Flu? Cold? Or Something Else?
PHILADELPHIA, PA. - January 24, 2011 (WPVI) -- From doctors' offices to in-store clinics, the sick are coming in rising numbers, many saying they have "the flu."
Many probably do have influenza, however, the vast majority have what's described as "influenza-like illnesses," or ILIs.
These are colds, and other upper respiratory viruses which share some symptoms of the flu, but aren't truly influenza.
The flu is actually very different from a cold. While more than 100 different viruses can cause a cold, there are only 3 viruses which cause influenza - types A, B, and C.
Flu epidemics and outbreaks are caused by the Type A and B viruses. Type C is milder, and usually causes less severe respiratory symptoms.
Vaccines are aimed at the type A and B flu viruses, and the vaccine blends from year to year, as the strains mutate. However, there is no immunization or flu shot for type C virus.
The flu is highly contatagious, and spreads when you either inhale droplets in the air from an infected person, or when you come in direct contact with them. Kissing, hand-to-hand contact, and the use of shared objects are all ways to pick up the flu viruses. The virus gets into your body when you touch your hands to your nose, eyes, or mouth.
When you feel "miserable, like I've been hit by a truck," you've got true influenza. If your head is congested, chances are it's a cold or sinus infection.
Symptoms of the flu include:
* fever (usually high)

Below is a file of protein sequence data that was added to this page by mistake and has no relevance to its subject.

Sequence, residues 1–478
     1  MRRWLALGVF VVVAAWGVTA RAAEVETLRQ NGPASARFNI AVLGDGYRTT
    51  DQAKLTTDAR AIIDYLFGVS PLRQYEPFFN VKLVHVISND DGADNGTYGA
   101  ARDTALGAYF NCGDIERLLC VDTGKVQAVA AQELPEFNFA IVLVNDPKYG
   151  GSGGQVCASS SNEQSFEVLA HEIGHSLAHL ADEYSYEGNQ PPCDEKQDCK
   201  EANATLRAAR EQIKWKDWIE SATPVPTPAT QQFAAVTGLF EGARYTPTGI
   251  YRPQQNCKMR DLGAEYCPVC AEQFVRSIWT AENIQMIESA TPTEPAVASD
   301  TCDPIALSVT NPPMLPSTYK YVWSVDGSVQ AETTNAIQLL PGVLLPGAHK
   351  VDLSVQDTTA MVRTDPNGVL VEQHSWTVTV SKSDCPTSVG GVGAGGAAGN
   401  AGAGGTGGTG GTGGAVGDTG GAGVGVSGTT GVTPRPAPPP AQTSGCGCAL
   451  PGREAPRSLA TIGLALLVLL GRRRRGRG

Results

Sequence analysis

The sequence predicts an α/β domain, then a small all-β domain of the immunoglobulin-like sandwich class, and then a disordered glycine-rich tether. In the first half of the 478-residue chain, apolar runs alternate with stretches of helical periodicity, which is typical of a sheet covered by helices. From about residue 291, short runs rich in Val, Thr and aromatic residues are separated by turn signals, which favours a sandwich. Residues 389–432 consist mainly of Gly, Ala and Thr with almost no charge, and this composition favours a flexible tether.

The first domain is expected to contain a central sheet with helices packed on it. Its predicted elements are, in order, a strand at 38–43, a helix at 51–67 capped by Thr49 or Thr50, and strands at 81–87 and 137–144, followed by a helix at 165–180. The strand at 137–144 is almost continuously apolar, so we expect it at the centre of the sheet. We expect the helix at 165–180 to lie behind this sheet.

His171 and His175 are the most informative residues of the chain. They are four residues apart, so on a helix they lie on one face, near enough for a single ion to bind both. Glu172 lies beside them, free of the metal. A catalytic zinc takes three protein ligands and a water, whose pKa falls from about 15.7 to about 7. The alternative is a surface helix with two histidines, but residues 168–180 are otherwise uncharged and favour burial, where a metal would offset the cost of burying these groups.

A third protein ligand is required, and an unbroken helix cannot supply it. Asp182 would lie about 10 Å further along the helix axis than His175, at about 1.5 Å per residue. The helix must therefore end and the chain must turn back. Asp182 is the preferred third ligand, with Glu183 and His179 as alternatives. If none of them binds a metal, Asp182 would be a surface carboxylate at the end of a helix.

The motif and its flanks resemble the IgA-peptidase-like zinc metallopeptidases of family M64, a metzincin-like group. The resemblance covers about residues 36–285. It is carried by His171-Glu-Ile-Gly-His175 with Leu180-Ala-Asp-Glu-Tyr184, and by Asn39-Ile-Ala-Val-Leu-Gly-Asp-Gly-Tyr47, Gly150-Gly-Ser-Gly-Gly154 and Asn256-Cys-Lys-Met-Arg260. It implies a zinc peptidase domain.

* severe aches and pains in the joints and muscles and around the eyes
* generalized weakness
* "looking sick": drained appearance with warm, flushed skin and red, watery eyes
* dry cough
* sore throat and watery discharge from your nose
Seasonal flu doesn't generally cause stomach problems, such as diarrhea and vomiting. However, those are more common with H1N1 swine flu.
On the other hand, colds usually start abruptly with a sore throat.
Other symptoms include:
* Sometimes low-grade fever - below 101
During the first three days you have cold symptoms, you are VERY contagious. So this is the time to stay away from others.
Sinus infections are another common ailment in winter. Area walk-in clinics tell Action News it was the primary complaint last winter, and is again leading the "sick list" this year.
Signs of an acute sinus infection include:
* Facial pain/pressure
* Nasal stuffiness
* Nasal discharge
* Loss of smell
Additional symptoms may include:
* Bad breath
* Dental pain
Winter is the peak season for flu because the virus survives for longer periods indoors, where the relative humidity of the air is very low in comparison to the outside air.
The flu virus can stay suspended in the air longer during the winter.
In winter, we also tend to have longer, closer contact with each other indoors, making it easier to spread.
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